Exterior of Lloyds Bank, High Street, Birmingham [WK/B11/134]

Exterior of Lloyds Bank, High Street, Birmingham. 1932. 
[WK/B11/134]

As prominent Quaker families, they gained a reputation of being trustworthy to do business with, and within 10 years had 277 customers banking with them. At that time, private banks issued their own bank notes, and it was a testament to the integrity of the company that their notes were accepted throughout Birmingham and remained in circulation for 100 years, despite still being handwritten.

A cheque from the Taylor and Lloyds Bank, 1792.  [MS 3357/1]

A cheque from the Taylor and Lloyds Bank, 1792.
[MS 3357/1]

In 1822, a packet of bank notes was stolen from the London Branch of Hanbury, Taylor, Lloyd & Bowman (a company founded jointly by the two sons and two associates) containing the sum of £4002. As the notes were indistinguishable from many others, they had difficulty recovering them, leading to the addition of a beehive emblem which became the first company logo.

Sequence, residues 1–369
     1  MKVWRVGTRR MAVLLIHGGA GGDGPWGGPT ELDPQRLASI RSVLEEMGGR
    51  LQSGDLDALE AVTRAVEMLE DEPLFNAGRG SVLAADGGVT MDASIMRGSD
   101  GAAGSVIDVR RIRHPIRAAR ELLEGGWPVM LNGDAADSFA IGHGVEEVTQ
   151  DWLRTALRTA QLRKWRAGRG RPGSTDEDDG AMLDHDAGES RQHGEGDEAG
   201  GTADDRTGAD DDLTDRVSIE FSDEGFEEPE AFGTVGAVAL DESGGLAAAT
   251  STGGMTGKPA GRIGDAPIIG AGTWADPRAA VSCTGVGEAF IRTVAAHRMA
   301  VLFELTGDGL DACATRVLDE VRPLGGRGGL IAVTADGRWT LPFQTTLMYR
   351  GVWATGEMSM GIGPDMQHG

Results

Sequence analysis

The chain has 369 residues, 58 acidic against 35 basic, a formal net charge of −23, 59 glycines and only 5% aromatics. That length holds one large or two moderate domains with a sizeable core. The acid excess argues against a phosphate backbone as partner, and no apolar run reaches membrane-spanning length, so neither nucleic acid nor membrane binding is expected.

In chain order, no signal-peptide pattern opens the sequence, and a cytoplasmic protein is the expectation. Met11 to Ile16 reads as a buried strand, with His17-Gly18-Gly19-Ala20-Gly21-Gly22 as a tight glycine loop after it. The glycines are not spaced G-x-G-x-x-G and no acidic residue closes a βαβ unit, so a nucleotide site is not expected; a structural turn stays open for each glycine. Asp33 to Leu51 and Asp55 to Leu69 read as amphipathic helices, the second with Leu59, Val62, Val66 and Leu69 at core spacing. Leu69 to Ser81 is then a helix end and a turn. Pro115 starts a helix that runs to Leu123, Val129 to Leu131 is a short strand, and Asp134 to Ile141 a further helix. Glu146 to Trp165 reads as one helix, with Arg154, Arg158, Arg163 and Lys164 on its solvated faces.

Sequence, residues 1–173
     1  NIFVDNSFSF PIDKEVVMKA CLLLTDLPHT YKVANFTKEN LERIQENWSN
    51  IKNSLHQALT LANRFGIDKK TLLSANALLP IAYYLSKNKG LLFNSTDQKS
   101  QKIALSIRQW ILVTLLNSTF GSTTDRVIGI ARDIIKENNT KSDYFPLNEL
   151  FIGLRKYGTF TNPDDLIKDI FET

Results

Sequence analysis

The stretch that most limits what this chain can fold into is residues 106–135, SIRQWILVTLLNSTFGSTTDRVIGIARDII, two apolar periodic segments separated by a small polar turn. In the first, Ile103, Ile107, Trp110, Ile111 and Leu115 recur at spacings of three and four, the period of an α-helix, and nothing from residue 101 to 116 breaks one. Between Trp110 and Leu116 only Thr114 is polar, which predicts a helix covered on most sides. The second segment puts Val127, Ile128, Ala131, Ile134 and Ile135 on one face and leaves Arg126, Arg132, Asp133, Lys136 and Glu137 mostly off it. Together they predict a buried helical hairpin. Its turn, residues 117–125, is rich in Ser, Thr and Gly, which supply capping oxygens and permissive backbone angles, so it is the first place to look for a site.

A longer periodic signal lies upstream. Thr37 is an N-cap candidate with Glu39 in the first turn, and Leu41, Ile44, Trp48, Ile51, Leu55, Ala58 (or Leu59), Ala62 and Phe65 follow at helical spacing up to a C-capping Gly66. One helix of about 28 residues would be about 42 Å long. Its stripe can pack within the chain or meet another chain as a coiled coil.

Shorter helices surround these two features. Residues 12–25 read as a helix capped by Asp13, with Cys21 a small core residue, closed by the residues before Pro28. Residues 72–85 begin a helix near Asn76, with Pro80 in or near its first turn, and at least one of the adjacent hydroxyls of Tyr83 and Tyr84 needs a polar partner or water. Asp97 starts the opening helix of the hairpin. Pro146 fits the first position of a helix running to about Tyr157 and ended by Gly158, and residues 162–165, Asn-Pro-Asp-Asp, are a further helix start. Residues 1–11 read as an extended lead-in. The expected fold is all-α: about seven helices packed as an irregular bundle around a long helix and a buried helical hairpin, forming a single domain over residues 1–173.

Bank note issued by Lloyds. Note the beehive emblem.  [MS 3357/1]

Bank note issued by Lloyds. Note the beehive emblem.
[MS 3357/1]

Assignment and Mutual Release to Lloyds following the death of James Taylor[440844-5 DV 607]

Assignment and Mutual Release to Lloyds following the death of James Taylor.       [440844-5 DV 607]

Following the death of the last remaining member of the Taylor family, James Lloyd,  in 1853, the future of the bank needed to be decided and the Lloyd family chose to continue alone. It was now Lloyds & Company.

100 years after the company was established, rumours spread that they were in financial difficulties, prompting Lloyds & Company to take action before all their customers withdrew their money. Their first move was to publish their accounts in the local papers for all to see. Following this, they took the decision to become a joint-stock limited liability company, which was seen as a more ‘robust’ venture and preferable to private, family run firms in the emerging industrial era. The only other privately owned company, J L Moilliet & Sons, merged with Lloyds and the Lloyds Banking Company was born.

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George Henry Bonner – so much more than a casualty of War